[Editors Note: This article was written by Suzanne Paulinksi.]
There are a million things you can do to ensure your live performances don’t suck. Whether it’s filming yourself, (so you can watch and critique the playback), shopping for the right outfit, or just making sure you choose the right songs for your audience, there are always elements you can improve.
However, even for those who choose the best songs, do their vocal warm ups, add dancers (when appropriate), thank their sound person and bartenders, and create an impressive merch display, there are a three things that many musicians still forget to incorporate into their shows that can make all the difference when it comes to engaging an audience.
Once you have the songs down and you’ve taken time to master your before-show ritual to get your energy and focus where it needs to be, fold these three practices into the mix.
1. Stage It
Being “authentic” and “in the moment” doesn’t have to mean that no thought went into planning your stage show. Your audience isn’t just watching you perform songs, they’re watching you in-between the songs, too.
The ‘performance’ includes every song transition, so practice them. When will you tell them about your merch? When will you tell them to follow you on social media? When will you encourage a group photo for them to all find online and tag themselves in? Remember to only give one call to action (CTA) at a time. Don’t overwhelm your crowd (especially in a noisy bar) with more than one thing to do in between each song.
It’s also important to practice these transitions as you practice the music, so when show time comes and there’s an issue with a monitor or microphone, you’ll be prepared enough to wing it and keep the audience entertained or busy. If you get too focused on what’s going on right in front of you on stage, you’ll lose their attention.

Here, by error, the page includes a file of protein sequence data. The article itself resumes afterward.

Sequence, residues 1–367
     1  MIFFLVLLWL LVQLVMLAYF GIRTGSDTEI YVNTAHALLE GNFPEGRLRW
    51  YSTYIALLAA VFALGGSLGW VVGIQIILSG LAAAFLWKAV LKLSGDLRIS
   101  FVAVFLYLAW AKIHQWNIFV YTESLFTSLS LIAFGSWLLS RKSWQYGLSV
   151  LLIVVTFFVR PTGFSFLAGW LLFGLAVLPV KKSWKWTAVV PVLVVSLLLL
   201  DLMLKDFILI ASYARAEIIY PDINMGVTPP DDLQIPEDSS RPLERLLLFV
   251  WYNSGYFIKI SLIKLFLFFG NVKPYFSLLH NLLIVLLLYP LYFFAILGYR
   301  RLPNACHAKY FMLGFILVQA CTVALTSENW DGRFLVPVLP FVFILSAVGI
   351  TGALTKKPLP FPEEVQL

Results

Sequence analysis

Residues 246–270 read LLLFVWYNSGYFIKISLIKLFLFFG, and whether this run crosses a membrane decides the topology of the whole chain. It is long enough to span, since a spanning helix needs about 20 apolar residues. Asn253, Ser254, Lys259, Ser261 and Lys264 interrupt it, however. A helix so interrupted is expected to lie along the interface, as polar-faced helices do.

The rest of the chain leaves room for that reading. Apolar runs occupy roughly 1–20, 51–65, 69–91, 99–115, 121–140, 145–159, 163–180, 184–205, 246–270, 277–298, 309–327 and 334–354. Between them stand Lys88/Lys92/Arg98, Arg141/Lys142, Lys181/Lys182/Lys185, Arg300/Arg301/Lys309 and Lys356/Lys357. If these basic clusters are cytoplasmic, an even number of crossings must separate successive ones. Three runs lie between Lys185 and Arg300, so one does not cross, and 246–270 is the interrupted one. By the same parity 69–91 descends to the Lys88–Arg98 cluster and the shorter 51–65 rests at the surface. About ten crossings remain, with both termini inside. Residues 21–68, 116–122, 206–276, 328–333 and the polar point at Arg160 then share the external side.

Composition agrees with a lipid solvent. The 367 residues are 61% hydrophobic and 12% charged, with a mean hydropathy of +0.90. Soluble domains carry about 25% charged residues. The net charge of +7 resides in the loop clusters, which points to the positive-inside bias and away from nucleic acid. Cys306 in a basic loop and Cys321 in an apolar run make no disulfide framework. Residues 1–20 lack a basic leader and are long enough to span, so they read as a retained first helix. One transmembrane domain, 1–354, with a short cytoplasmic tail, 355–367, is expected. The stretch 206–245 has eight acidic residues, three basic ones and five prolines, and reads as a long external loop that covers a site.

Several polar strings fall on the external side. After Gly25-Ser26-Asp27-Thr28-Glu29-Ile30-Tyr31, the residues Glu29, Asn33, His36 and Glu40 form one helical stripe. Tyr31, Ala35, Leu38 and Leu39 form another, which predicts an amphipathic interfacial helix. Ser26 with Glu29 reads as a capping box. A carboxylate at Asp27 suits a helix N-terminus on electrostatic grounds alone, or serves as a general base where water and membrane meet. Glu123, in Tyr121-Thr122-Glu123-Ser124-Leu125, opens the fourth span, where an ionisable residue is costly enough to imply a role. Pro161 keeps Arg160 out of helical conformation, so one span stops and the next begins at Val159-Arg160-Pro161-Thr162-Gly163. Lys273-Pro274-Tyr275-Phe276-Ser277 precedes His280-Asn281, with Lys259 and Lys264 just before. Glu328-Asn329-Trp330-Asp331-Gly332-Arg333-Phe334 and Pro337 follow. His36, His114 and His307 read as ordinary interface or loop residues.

In addition to the transitions between songs, determine how you will use the stage.
If you’re the singer, when will you walk over to the left/right side of the stage? When will you grasp the mic stand in a dramatic moment in a song?
If you’re on guitar when will you come forward on stage to get the crowd going? Drummers – when will you stand up and get the crowd clapping along?
If it’s a super small stage where movement is limited, make sure you’re using your body to express what you’re saying in the song (see #2).
Again, while it’s nice to live in the moment, you should have an idea of when you’ll get out of your usual routine in playing the song. Being live on stage is not the time to focus on playing the song. You should practice enough that come show time, the playing is second nature and you’re focused on the crowd.
Having a tight show that flows on stage and makes sense to the audience is the best way to allow them to fall into it and enjoy, rather than studying your awkward stances and haphazard movements on stage. If it looks like you’re performing the song for the first time, the audience might fail to see any real value in what you’re giving them.